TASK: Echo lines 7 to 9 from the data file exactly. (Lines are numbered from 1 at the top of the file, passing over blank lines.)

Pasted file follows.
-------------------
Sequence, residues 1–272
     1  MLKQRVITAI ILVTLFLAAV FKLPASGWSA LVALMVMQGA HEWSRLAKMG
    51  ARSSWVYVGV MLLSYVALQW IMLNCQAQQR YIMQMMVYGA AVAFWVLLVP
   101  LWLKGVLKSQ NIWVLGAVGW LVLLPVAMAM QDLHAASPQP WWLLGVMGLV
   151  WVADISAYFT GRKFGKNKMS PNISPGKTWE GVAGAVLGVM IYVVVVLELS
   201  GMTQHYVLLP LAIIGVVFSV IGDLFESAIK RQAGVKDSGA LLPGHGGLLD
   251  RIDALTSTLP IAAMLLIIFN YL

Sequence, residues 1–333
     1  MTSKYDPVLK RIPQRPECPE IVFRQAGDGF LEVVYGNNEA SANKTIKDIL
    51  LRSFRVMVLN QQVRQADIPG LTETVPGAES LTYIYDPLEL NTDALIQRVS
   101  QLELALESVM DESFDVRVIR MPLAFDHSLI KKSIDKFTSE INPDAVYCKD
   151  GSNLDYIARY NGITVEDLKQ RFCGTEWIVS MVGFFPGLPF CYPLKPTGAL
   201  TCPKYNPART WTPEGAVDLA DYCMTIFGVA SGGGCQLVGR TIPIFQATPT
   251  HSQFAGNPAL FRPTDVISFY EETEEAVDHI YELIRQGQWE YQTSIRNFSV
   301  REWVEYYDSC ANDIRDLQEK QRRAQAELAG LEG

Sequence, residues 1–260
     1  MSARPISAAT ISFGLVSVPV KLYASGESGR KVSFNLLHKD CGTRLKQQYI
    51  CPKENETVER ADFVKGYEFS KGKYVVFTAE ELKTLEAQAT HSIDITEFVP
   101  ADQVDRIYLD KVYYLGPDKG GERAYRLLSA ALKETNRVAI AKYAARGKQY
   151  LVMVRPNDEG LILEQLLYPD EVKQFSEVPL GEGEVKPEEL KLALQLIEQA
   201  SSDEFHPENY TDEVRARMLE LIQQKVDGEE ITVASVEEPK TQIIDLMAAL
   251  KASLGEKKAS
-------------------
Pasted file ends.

   251  RIDALTSTLP IAAMLLIIFN YL

Sequence, residues 1–333
     1  MTSKYDPVLK RIPQRPECPE IVFRQAGDGF LEVVYGNNEA SANKTIKDIL